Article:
But on one specific aspect of the point PZ is making, did he have to use the convenient and timely death of Williams to make a political point? Wasn’t this precisely what Myers was making a fuss about in the first place? Isn’t this hypocritical of Myers to tell us how politicians are using the death of Williams to deflect attention form other matters, while he uses it to direct attention to those matters?

PZ, like Dawkins, doesn’t help his case with suspect rhetoric, when he sees it this way: “thank God that we have a tragedy involving a wealthy white man to drag us away from the depressing news about brown people”

What the fuck? One could say that the disproportionate attention paid to Williams is down to the celebrity angle rather than a white supremacist police state racist angle. What difference would one suppose there would be if some famous and loved black celebrity died while at the same time the police somewhere killed some unknown poor white guy?

But really, the PZ post, like the Tweets from Dawkins, deserve little more than a face palm. Not everyone sees it that way.

Elsewhere PZ gets even more stick. On Jerry Coyne’s post comparing the lovely tribute from Stephen Fry with the post by PZ …

“Wow, I knew Myers could be a you-know-what, but this is terrible. How can someone post something like this? There’s something very cold and mean about that guy. I don’t understand it.”

“I hate to say this but, based on this obscene commentary and his anti-Israel fulminations, Prof. Myers is turning into a schmuck of the first order.”

“Great letter from Fry. And PZ really should be ashamed. As if Williams chose this moment for the purpose to serve government interests. Really, really awful.”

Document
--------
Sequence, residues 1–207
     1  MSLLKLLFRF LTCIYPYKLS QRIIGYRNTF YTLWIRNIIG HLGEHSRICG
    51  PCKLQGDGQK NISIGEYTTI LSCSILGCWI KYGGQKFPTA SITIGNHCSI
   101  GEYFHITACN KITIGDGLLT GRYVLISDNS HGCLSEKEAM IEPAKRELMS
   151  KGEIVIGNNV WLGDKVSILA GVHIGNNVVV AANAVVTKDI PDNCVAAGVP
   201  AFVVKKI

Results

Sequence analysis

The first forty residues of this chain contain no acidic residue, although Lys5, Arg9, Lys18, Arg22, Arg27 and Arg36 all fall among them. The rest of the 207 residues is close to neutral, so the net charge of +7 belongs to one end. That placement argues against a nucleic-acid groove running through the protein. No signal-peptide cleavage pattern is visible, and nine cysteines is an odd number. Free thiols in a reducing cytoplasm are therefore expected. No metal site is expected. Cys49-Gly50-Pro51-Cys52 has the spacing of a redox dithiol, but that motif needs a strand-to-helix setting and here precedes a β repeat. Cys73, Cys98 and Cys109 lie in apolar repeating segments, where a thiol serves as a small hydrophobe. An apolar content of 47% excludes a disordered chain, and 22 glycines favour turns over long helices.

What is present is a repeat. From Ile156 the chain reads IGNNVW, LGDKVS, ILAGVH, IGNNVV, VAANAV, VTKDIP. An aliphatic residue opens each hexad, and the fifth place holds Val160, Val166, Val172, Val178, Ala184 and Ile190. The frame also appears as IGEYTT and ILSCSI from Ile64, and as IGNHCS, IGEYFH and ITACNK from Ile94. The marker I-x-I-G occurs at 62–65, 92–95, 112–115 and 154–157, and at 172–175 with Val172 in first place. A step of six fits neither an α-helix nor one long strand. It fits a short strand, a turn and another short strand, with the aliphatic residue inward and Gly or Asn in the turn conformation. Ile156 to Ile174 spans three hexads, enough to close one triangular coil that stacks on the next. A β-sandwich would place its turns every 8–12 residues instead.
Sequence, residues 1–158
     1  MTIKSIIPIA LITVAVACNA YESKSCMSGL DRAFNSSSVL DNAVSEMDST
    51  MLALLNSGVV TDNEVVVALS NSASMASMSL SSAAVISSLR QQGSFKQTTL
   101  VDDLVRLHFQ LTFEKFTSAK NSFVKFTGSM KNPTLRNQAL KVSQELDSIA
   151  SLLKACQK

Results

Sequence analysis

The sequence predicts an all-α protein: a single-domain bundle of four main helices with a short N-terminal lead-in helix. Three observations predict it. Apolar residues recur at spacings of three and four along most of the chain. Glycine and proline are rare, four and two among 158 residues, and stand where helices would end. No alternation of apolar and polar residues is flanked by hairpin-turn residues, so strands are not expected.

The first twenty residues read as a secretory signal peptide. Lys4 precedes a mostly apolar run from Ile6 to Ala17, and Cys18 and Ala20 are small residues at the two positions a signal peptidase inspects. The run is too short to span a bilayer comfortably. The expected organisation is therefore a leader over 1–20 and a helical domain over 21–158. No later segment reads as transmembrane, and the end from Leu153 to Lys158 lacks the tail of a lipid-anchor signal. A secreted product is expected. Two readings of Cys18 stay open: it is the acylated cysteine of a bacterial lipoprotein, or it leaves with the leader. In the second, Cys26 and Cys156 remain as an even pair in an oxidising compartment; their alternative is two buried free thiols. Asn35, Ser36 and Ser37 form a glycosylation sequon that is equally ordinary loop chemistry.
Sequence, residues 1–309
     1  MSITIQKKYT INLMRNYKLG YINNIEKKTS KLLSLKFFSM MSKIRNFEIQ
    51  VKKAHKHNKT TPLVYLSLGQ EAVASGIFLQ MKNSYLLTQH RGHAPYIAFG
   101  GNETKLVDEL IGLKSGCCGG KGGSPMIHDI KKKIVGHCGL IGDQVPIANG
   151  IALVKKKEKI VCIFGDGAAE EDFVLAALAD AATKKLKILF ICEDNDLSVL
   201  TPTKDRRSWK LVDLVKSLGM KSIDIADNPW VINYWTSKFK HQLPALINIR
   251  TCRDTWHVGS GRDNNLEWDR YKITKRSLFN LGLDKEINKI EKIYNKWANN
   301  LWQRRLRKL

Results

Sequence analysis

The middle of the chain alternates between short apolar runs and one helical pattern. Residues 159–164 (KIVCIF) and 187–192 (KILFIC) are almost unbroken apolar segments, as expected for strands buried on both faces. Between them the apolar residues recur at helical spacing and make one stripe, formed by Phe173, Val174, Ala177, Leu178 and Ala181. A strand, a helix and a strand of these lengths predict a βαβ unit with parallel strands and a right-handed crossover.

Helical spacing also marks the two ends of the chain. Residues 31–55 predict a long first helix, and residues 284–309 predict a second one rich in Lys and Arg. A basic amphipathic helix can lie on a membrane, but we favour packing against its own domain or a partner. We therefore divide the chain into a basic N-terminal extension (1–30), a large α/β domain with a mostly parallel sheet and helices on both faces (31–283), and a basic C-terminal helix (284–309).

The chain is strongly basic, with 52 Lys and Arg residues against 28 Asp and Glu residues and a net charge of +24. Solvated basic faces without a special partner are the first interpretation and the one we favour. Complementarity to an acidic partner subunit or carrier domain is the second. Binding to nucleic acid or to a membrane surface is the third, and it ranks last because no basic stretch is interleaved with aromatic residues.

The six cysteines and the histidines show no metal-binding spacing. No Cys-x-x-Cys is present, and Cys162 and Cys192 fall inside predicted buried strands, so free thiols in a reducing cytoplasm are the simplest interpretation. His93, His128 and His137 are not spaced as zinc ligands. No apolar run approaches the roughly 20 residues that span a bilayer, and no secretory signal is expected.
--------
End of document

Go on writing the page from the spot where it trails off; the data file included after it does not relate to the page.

You’ll notice how in this last one the comment by PZ about the convenience of the death of Williams for politicians has been totally misunderstood. PZ wasn’t suggesting in the slightest that Williams made the choice but that the convenience, however coincidental, fell in favour of politicians.

Perhaps the critics of PZ, on his site and on Jerry’s, could learn from Dawkins:

X is bad. Y is worse. This is not an endorsement of X.

The death of Williams is bad and the public response may be deserved, but it is a worse state of public interest and of political diversion that the Ferguson killer cop issue has received less publicity. Pointing out the latter about the Ferguson case is not an endorsement of less publicity and less expression of feelings for Williams. What PZ said takes nothing away from the sentiments expressed by Fry.

It seems the divisiveness continues. And the exaggeration of the polarization stands out a mile with all the stupid comments.

It was enough to say that Dawkins made a misjudgement in each of his Tweets, and to leave it at that. He wasn’t endorsing rape of any kind and wasn’t enabling rapists. To suggest that was just plain stupid when you follow everything else the man says. And some of the comments on Jerry’s post about PZ are just as bad and just as stupid. It wasn’t enough to say simply that they thought PZ was a little too cynical in his expression of his point?

The only sane comment on the Dawkins stuff comes from Michael Nugent. His main point that’s worth taking away from this is not that Dawkins made mistakes, though Nugent thought he had, but that comment on Dawkins from people that should know better have escalated the whole thing into a personal slurfest. It is astonishing how what should be a straight forward criticism about a point of disagreement can turn into a wild dogmatic hatred. There really are extremes of rhetoric and irrationality at work that would put some of the dumbest theists in a good light.

Nugent has defended Myers before too, as he points out. Perhaps it will require the sanity of Nugent to point out the stupidity raging on this little post by Myers.

I can’t figure out why the likes of PZ takes shots of Dawkins for crass language when PZ himself has a pretty sharp tongue. But there you go, nobody’s perfect. You’d think atheists would know that from engaging with theists.

What do I believe ‘in’? Nothing.

I had a conversation with an atheist friend recently and I think we surprised each other.